Tuesday, September 8, 2015

Cranberry Pineapple Nut Bread

I enjoyed our Banana Nut Bread so much, I wanted to make some more. I didn’t have any bananas (we haven’t been to town for over a week), so I decided to try Cranberry Nut Bread. However, the recipe in my Fannie Farmer Cookbook called for an orange. I didn’t have one of those either. But I did have a 20 oz. can of pineapple chunks.

Here’s the original Fanny Farmer recipe and the changes I made.

Cranberry Pineapple Nut Bread

1 orange ---------\
     replaced with ½ of 20 oz. can pineapple chunks and ¾ cup juice
Boiling water ---/
2 tablespoons melted butter (I used vegetable oil)
1 egg
1 cup sugar
1 cup cranberries chopped (I used reconstituted dried)
½ cup chopped walnuts (I used pecans)
2 cups flour
½ teaspoon salt
1 ½ teaspoons baking powder
½ teaspoon baking soda

The orange provides rind for jest and juice with the boiling water to total ¾ cup. I substituted a half can of pineapple chunks cut up fine and ¾ cup of the juice for the required liquid. I froze the remaining pineapple and juice.

The night before I reconstituted dried cranberries in a pan with ½ cup boiling water. I simmered them for fifteen minutes, then turned off the heat. I added the cut pineapple and let it cool to refrigerate.

In the morning, I put the batter together. I beat one egg and added the sugar. Once those were blended, I mixed in 2 tablespoons oil and ¾ cup pineapple juice.

I measured the flour, salt, baking powder, and baking soda, then mixed everything together. Finally, I stirred in the pineapple-cranberry mixture and pecans. It result is a runny batter.

Liberally grease an 8 ½ X 4 ½ loaf pan and pour in the batter. Bake at 325°F for one hour (mine took an additional 10 minutes for a toothpick to come out clean).

When baking is done, loosen the sides and transfer to a rack to cool. Mine stuck on the bottom, so next time I’ll use parchment paper on the bottom to keep it from sticking.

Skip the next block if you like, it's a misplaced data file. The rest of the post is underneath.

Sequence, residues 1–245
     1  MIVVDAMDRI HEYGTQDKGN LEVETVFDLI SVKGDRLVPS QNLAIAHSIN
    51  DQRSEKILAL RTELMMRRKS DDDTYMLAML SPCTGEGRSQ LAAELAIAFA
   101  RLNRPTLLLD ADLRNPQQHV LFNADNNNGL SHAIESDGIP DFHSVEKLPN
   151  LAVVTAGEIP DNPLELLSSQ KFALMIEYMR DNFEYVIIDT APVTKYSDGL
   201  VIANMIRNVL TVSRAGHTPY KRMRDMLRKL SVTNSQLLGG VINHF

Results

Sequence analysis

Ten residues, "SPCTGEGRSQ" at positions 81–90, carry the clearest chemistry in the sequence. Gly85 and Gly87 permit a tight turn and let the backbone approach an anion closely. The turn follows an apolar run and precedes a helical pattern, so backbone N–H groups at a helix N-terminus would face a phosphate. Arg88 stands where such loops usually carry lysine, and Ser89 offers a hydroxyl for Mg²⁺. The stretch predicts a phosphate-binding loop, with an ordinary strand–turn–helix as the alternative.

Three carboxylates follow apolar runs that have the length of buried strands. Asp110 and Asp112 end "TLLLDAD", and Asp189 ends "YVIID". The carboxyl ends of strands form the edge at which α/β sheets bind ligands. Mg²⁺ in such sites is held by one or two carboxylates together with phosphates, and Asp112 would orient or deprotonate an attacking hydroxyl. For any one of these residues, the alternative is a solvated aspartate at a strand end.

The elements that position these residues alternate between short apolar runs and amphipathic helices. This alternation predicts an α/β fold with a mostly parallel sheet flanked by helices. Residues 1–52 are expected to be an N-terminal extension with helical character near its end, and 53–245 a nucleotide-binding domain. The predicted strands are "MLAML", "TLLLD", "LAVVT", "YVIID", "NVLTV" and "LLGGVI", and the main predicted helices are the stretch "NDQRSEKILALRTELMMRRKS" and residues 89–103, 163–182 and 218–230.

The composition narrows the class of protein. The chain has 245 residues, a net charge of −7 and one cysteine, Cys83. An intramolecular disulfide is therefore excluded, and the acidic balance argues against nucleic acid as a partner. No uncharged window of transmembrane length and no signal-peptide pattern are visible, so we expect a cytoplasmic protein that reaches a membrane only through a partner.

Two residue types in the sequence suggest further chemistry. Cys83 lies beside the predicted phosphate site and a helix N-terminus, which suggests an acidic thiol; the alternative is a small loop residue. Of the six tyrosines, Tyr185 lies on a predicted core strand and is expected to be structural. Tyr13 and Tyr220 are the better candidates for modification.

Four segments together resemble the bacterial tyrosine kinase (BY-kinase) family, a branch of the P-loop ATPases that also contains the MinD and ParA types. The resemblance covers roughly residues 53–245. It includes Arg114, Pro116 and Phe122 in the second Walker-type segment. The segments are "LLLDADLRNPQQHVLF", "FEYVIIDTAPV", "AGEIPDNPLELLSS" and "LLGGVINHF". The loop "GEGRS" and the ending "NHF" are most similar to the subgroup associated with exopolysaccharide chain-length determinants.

I love Cranberry Orange Nut Bread, but Cranberry Pineapple Nut Bread gives it a run for the money.

I served the warm buttered bread with scrambled eggs and bacon for our breakfast. We even had some of our home grown and homemade salsa to spice things up.

Do you ever alter recipes? What have been some of your successes, or failures? -- Margy


  1. That sounds great - and I have a can of pineapple just sitting on the shelf - and a bag of dried cranberries. I often change up recipes - and they usually come out pretty good. Our youngest daughter one time (she was a teenager) wanted to make Rice Krispy Squares (the kind with marshmallows melted with butter - good and gooey) but we didn't have Rice Krispies so she used wheat chex - and it was HORRIBLE. She called it Sweet Chex - and she and her brother ate some - declaring that any dessert is better than no dessert - to which I heartily DISagree. They were just atrocious.

    1. When I was a kid I remember making Noel Nut Balls for Christmas with my mom. She was reading the recipe to me, and I was measuring out the ingredients. When it came to salt, she said, "Fourth teaspoon." I heard, "Four teaspoons." We didn't discover the mistake until we tasted one right out of the oven. From then on we called Noel Nut Balls, Salt Balls even if they were made the right way.


Thanks for stopping by. Comments, questions, and suggestions are always welcome. - Margy